Tuesday, June 23, 2009

Song for a Crappy Tuesday

The air conditioning in your office was on for a grand total of eight minutes yesterday. Then it shut down. Word from various supervisors and managers is that "some guys from the building are working on it", but you have your doubts. They seem a little too ready with an answer.

Now you sit with Andy, Mike, and Steph in the Easy Bake Oven of a conference room, waiting for First Hot Summer Tuesday to show up for the meeting that HE called. He's been late before. In fact, every time he calls a meeting, he's late for it.

The four of you are in varying states of discomfort, a thin film of unattractive perspiration glazes your skin. Sleeves are rolled up. Limbs are spread out a little more than normal to keep from touching other areas of flesh. There are itches.

With no white noise to masks your coworkers wheezes and glirks, the conference room is a symphony of the human body. Steph sniffs at regular intervals.

Sitting next to you is Mike, a nice enough fellow, but not much help around the office. His pen scratches across his pad as his eyes dart over his work. You strain your peripheral vision to catch a glimpse of his project. What you have long suspected is true. There are no notes on the paper. He is signing his name over and over down the page.

If it were just you and Andy in here the two of you might have a decent conversation. You have always liked Andy, and have considered asking him to get a drink after work. Steph sniffs another measure and the two of you exchange a look. If she sniffs again, Andy might shove his pen up her nose.

Storming down the hallway is FHST, dressed in his usual short sleeved white shirt with yellowed pit stains. He crashes through the door and stands at the head of the conference table.

"Damn elevator, you know?" He says with hot, smokey breath. "So, who's got what? Who's got what?"

Mike turns a page on his pad and begins to scrawl again.

"Um...", you begin, "Is there any word on the Air conditioning?"

FHST stops his idle stepping, and with hands on hips and a look at the ceiling, he says, "Some guys from the building are working on it."

Remember the days when MTV played music? I sound like such a granny when I say these kinds of things, but seriously...remember that?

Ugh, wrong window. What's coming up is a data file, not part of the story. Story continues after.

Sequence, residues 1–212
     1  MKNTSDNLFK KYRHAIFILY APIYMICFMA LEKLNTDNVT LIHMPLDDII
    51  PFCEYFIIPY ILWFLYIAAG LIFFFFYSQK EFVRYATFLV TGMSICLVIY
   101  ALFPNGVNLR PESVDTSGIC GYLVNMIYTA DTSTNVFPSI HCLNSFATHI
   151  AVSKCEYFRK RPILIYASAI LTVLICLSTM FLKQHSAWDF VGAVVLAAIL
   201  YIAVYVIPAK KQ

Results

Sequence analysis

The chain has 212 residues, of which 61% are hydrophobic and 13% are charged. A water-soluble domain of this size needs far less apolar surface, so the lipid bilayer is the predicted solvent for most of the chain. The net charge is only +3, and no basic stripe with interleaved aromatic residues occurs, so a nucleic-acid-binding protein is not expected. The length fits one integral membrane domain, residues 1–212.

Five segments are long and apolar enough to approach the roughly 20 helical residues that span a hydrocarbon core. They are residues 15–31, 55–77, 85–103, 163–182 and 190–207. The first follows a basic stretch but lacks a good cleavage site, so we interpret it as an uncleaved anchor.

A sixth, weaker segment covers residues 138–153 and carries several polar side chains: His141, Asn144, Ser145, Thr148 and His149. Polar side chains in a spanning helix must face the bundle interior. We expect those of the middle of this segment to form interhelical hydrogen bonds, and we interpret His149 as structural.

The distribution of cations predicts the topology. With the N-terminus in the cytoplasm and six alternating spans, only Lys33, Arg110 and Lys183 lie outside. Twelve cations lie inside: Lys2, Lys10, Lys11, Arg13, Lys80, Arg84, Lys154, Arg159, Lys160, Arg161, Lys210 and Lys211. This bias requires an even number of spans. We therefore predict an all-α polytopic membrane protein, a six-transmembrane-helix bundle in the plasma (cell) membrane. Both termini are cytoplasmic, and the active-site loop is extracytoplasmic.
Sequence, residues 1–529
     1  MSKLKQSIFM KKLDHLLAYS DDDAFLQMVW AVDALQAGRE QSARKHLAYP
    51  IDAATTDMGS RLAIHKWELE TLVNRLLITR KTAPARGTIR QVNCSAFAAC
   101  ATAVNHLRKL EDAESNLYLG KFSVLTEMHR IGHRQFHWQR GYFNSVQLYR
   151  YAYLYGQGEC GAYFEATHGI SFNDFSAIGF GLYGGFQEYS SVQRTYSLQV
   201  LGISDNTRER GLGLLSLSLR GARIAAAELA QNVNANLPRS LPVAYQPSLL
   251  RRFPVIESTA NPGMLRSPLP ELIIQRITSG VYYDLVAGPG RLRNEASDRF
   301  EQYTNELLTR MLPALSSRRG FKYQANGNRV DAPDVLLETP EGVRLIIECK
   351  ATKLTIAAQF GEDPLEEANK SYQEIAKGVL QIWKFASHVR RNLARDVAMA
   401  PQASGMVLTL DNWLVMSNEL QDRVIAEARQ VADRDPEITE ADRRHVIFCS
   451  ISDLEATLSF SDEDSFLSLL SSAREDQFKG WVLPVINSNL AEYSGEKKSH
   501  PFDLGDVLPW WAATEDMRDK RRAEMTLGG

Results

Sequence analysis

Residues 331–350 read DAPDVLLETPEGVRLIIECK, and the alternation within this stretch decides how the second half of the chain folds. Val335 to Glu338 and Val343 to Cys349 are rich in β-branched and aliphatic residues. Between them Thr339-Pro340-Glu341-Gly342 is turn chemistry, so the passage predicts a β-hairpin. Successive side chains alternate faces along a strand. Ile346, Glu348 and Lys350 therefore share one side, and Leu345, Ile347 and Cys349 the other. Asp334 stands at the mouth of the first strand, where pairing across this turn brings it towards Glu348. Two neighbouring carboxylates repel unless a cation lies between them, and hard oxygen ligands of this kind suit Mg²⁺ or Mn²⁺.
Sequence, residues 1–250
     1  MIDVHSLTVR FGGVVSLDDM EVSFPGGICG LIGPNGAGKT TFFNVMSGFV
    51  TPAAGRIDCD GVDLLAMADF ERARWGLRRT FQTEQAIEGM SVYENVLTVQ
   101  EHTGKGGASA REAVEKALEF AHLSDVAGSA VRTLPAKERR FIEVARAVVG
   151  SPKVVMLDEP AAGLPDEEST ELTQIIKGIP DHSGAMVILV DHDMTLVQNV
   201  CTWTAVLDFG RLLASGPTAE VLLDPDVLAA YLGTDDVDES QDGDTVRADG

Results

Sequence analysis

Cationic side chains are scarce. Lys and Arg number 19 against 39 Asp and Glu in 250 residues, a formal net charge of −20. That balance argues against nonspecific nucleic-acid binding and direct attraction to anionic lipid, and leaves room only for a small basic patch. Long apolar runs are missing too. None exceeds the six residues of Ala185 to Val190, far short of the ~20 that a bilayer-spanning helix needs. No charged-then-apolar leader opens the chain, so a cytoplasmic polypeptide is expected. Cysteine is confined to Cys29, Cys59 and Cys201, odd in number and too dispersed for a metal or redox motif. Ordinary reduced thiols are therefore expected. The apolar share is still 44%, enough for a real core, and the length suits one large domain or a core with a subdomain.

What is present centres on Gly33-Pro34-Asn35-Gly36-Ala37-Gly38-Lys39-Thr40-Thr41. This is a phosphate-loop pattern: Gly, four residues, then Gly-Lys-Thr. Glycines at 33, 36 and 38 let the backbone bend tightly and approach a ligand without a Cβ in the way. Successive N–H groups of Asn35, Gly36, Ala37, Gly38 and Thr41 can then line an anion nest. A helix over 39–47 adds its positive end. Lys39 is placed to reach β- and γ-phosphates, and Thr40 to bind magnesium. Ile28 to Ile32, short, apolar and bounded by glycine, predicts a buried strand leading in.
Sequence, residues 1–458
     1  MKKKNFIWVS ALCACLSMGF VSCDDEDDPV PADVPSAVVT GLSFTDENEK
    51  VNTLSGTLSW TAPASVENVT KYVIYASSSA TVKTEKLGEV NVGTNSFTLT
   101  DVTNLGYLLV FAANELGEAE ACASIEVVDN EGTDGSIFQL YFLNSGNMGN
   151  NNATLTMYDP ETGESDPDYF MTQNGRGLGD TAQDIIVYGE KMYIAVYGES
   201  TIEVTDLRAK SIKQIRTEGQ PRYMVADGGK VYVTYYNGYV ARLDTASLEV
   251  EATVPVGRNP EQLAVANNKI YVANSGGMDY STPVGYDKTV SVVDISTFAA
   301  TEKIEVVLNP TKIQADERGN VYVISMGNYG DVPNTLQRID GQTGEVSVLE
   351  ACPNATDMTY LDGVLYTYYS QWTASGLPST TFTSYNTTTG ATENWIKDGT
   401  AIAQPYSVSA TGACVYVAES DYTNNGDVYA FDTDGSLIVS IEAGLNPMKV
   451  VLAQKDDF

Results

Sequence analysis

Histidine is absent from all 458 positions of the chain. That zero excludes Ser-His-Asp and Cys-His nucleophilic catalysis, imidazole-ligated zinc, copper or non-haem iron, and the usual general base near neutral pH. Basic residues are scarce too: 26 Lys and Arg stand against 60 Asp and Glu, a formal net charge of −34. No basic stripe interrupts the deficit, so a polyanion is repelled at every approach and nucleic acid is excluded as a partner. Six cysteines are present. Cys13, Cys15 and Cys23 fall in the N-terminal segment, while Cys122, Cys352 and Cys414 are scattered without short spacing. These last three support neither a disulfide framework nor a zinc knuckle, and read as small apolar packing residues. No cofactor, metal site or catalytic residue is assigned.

I once got into a tiff at a bar with a 22-year-old when I made the assertion that MTV doesn't play music videos anymore.

"They do SO." He said, tossing his curly head my way with a scoff. He glared at me, taking my comment as a slam on youth culture (Which will kill your dog. I thought it wasn't true...but it is. Beware.) "It's on every night between midnight and four."

"Oh. Yeah. I was so totally wrong." I didn't feel like having this conversation with him any longer so I changed the subject.

It sucks that they don't. I remember when MTV was THE cool-maker. Now it's just a neon panderhole overflowing with rich teenager excess porn.

Back in the day, when MTV first started out, no one - and I mean NO ONE - knew what they had. The result was a mix weird churn-and-burn art films and cobbled together crap which amounted to little more than home movies of a band's parents. These were the wild west days of MTV when bands like Madness, Human League, Men without Hats, After the Fire, and New Order populated the airwaves with unapologetic pretension and not a scrap of self-awareness in sight.

Enter Art of Noise (Created, as a matter of interest, by Trevor Horn - whose 1979 hit "Video Killed the Radio Star" was the first video played on MTV.). This arty, sampling electronic band combined synthesizers and audio samples in order to experiment with the pop music genre. Shrouded in ostensible anonymity, Art of Noise took their name from a Futurist essay and put themselves out as an anti-group, shying away from the culture of appearance pervading music at the time.

And boy are their videos arty-farty. I seriously doubt something like this would make it to MTV's broadcast today - unless heavily festooned with irony.

Watching this makes me long for the days of not knowing what we had. When smashing instruments was still transgressive enough to get you noticed.


S. E. Johnson said...

May I recommend any of their live performances of "Peter Gunn," w/ Duane Eddy right on stage? They're ever so lovely:


I have a terrific crush on the long-haired singer.

For me, though, the be-all and end-all AofN song = "Paranoimia." Ah, Max--we should have appreciated you more in your time.

joe g said...

That little kid was always awesomely creepy.

Art of Noise was a hugely influential group for me, whether I knew it or not. "Not" is probably more accurate and better. Thanks for putting this up.

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